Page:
The United States reported nearly 100,000 new coronavirus cases in a day on Friday, setting a record as a fall wave of infections surge in every swing state that will be crucial to next week’s presidential election.
The number of infections nationwide surpassed 9 million reported infections on Friday, just 15 days after the tally hit 8 million. At least 229,000 deaths have been linked to the coronavirus.
Here are some significant developments:
Belgian authorities on Friday announced a six-week closure of nonessential businesses and tight limits on social contacts as the country tries to stave off caseloads that could fill hospitals to capacity within a week.
Like most travel dreams during the pandemic, a visit to Hawaii became untenable once the state started issuing strict self-quarantine orders for all arrivals in March. Since then, Hawaii has been developing its Safe Travels program to bring tourists back safely, and on Oct. 15, the state began to allow visitors to bypass the 14-day quarantine if they could provide negative covid-19 test results.
In addition to fears of new cases brought by tourists, residents have had their own outbreaks to handle. On Tuesday, Hawaii’s governor issued a stay-at-home order and travel restrictions for the island of Lanai after the state Department of Health reported 79 infections in the community.
As the state’s tourism numbers continue to climb, how do Hawaii locals feel about receiving visitors? We spoke to six to find out what they want mainland visitors to know before booking a trip.
Coronavirus caseloads in the greater Washington region jumped to a three-month high Friday, with the area recording some of the highest rates of infection since the height of the pandemic.
The rolling seven-day average of new cases in D.C., Maryland and Virginia climbed to 2,073 — the highest since July 31, when the average was 2,082 daily cases. Caseloads have risen since the start of October as part of a national surge that has lifted several states to record highs.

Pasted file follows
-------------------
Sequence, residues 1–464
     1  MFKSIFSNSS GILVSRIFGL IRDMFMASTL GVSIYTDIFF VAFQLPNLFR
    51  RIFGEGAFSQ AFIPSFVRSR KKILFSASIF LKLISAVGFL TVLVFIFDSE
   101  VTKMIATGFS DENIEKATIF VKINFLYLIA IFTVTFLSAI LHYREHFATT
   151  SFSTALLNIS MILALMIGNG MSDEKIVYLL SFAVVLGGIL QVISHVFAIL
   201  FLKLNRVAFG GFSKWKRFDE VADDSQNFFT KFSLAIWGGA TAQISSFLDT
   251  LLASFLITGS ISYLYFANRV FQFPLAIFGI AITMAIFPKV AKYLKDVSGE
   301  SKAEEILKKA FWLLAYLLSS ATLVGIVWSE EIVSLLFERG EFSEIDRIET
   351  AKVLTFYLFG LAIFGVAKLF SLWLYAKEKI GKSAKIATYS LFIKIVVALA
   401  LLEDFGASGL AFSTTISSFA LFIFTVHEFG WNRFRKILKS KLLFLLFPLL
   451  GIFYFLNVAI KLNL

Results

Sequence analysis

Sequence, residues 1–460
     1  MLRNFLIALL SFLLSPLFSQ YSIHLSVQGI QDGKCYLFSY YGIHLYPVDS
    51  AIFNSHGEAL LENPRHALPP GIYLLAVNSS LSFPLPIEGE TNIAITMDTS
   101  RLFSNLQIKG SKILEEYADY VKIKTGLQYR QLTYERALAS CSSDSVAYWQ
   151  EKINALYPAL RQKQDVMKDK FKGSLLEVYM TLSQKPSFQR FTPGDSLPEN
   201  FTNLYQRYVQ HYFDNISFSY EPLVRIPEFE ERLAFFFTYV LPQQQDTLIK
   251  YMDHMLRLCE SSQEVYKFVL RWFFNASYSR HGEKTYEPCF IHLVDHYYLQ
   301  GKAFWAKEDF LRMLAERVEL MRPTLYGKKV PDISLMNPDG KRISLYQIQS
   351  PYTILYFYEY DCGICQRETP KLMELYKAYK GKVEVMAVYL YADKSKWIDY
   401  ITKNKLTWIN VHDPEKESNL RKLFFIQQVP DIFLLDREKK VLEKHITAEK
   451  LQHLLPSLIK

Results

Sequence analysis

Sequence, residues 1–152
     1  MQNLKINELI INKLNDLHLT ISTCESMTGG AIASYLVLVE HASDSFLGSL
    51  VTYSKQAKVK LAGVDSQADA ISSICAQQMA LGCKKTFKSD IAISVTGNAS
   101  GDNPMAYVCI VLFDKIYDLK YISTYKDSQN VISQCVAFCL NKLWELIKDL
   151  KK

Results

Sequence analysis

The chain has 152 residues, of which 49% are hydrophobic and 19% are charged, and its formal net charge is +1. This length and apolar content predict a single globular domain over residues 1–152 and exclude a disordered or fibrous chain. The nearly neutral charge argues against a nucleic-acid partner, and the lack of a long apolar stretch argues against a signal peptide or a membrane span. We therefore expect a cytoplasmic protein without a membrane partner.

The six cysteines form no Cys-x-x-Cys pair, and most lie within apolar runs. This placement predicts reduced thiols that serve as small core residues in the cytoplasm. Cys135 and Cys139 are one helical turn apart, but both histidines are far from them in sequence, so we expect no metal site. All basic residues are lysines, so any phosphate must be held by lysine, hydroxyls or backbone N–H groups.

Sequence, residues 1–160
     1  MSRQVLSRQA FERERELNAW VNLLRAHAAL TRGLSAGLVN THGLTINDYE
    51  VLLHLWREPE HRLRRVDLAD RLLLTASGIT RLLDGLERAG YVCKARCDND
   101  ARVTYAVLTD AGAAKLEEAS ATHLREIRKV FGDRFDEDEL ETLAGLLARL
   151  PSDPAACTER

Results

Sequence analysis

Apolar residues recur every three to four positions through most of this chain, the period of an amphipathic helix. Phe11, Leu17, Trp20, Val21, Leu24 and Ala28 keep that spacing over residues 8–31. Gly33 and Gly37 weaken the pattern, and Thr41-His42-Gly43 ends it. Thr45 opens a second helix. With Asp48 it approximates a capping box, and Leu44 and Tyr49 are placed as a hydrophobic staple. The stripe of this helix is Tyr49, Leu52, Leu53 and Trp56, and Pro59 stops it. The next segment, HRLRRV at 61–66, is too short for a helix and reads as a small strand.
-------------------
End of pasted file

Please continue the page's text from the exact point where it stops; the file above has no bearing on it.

The region’s average number of daily infections hovered Friday just below the record set on May 31, when it stood at 2,218 daily cases.
Europe’s economy grew by a surprising 12.7 percent in the third quarter of 2020, defying worst-case predictions about the pandemic’s short-term market impact even as millions of households continue to suffer.
Economists attributed Europe’s unexpectedly large rebound — the biggest increase since the European Union began counting in 1995 — to the easing of lockdowns this summer and the reopening of many businesses. But as cases now surge again around the continent — and countries like France, Germany and Italy in turn reimpose restrictions on economies and communities — analysts worry that an even bleaker winter economy could be coming.
Still, the numbers released Friday by Eurostat, the E.U.’s statistics agency, have offered some cause for cheer. Eurostat’s figures cover 19 E.U. countries that use the euro as their currency. The euro zone bloc recorded an 11.8 percent contraction in the second quarter of 2020. Economists had consequently predicted growth of only about 10 percent in the third quarter. Instead, France, followed by Spain and Italy, led the continent’s significant rebound.
The United States has similarly recorded a strong third-quarter economy — even as millions of Americans have lost their jobs and struggle to make ends meet. Economists there have also cautioned that economic growth in the summer months is likely to be followed by slowdowns in the winter, as more people remain inside, where the coronavirus is more easily spread.